Updated on September 22, 2022
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THURSDAY, Sept. 22, 2011 (HealthDay News) -- A new study finds that black and Hispanic women with breast cancer suffer more stress than white women, and the researchers connected the extra stress to more aggressive tumors.
But, the study authors cautioned that the research is preliminary and doesn't provide insight into whether the women's stress levels already were high before diagnosis, whether the stress levels increased after diagnosis, or whether the increased stress caused the cancer to be more aggressive.
Still, the findings point to one possible -- if unconfirmed -- explanation why breast cancer is generally worse in black and Hispanic women, said study lead author Garth H. Rauscher.
"One possible reason for that, among others, could be differences in the role of stress in influencing the development of breast cancer," said Rauscher, associate professor of epidemiology at the University of Illinois at Chicago's School of Public Health.
The researchers studied 989 breast cancer patients who had been recently diagnosed with the disease. Within two to three months after their diagnosis, the women responded to surveys about their levels of stress; the surveys asked about issues such as their levels of loneliness, anxiety and fear.
The investigators also used medical tests to examine the aggressiveness of the women's tumors.
Eleven percent of the 397 white women in the study reached a level of stress that the researchers considered to be elevated, Rauscher said. However, the stress levels were about twice as high for the two minority groups: 24 percent of the 181 Hispanic women and 22 percent of the 411 black women reported elevated stress. (Other minority groups weren't included in the study.)
Rauscher said more research is needed because the study didn't answer how stress might be linked to the aggressiveness of tumors. Did the stress come first? Or the tumors? Or did both appear at the same time?
"If we'd interviewed these women one year or five years or 10 years prior to diagnosis, would these same women have reported greater levels of stress than their counterparts in the study?" he asked. "It's fairly reasonable to assume there's a correlation in the level of stress they report after diagnosis and what they reported prior to that, but we don't have any data to say that's true."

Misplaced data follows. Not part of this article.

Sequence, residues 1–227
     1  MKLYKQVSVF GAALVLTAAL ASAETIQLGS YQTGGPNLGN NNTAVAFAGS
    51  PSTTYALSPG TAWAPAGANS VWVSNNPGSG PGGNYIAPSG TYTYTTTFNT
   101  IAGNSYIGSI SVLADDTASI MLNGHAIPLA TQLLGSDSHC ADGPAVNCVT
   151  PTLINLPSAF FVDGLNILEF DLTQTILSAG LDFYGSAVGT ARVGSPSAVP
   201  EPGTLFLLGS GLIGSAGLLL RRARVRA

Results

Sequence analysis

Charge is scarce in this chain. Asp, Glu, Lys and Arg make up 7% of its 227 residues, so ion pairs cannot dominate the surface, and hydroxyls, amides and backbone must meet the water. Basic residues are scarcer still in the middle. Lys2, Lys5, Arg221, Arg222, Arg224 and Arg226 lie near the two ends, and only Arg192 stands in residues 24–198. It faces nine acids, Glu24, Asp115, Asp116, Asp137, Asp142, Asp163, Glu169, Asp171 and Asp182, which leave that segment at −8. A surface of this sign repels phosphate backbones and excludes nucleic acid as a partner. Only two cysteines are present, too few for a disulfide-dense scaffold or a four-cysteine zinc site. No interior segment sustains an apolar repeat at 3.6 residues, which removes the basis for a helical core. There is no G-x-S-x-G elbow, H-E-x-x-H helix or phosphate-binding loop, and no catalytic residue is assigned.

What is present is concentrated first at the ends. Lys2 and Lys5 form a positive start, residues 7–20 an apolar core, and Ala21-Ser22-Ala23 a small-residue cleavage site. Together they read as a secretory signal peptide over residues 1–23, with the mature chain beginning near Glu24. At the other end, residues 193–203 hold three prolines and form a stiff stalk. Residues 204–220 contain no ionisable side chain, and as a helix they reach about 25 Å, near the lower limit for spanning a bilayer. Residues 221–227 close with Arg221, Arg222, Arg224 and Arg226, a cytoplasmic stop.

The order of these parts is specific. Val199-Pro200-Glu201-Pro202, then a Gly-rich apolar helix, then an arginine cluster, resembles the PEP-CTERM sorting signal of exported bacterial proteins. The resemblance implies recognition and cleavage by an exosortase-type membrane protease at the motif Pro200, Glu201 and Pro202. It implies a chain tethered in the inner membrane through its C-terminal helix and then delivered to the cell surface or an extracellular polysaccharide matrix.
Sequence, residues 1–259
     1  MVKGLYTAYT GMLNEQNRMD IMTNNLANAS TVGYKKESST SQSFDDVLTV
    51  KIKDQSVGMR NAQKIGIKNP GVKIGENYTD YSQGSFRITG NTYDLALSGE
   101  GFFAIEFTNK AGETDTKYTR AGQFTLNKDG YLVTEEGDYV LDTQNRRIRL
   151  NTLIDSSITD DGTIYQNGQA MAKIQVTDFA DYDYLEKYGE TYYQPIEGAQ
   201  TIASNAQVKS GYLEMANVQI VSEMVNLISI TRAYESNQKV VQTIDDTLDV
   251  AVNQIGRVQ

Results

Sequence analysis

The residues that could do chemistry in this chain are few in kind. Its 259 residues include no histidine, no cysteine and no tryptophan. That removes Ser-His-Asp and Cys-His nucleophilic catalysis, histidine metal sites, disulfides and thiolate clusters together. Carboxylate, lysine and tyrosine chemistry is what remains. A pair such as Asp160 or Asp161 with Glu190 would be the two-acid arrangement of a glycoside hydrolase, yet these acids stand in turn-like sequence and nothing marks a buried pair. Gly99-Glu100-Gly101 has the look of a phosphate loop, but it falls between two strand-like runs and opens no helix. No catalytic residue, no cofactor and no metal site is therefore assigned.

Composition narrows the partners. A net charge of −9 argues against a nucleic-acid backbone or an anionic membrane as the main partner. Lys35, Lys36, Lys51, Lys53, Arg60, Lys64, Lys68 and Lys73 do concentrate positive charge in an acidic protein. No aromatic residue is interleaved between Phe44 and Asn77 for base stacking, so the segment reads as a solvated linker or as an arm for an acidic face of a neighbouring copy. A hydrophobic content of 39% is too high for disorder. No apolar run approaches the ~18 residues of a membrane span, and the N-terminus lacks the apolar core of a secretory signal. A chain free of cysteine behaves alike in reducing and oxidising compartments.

However, Rauscher said the new research is consistent with previous findings from studies in rodents. Those studies found that severe stress and social isolation boosted the risk of breast cancer, he noted.
The study was to be presented this week at the American Association for Cancer Research Conference on the Science of Cancer Health Disparities, in Washington D.C. The findings should be viewed as preliminary until they are published in a peer-reviewed medical journal.
Dr. Laura Kruper, an assistant professor and cancer surgeon at City of Hope Cancer Center in Duarte, Calif., cautioned that the study doesn't allow any conclusions to be made about how stress is connected to more aggressive tumors. "To clearly show an association between higher stress levels and aggressiveness of breast cancer, patients would have to be followed for many years prior to diagnosis to see if patients with higher levels of stress developed more aggressive forms of cancer," she said.
Kruper said the idea that stress causes cancer is unproven, although it's possible. A cancer diagnosis can certainly cause stress, she said.
"Some patients need temporary anti-anxiety medications. Most only need the medications during a short time during their treatment," she said. "We often prescribe low-dose antidepressants, not only to help with mood, which can definitely be impacted by a breast cancer diagnosis, but also to help combat the side effects of the breast cancer treatments such as hot flashes."
The U.S. National Cancer Institute has a fact sheet about psychological stress and cancer.
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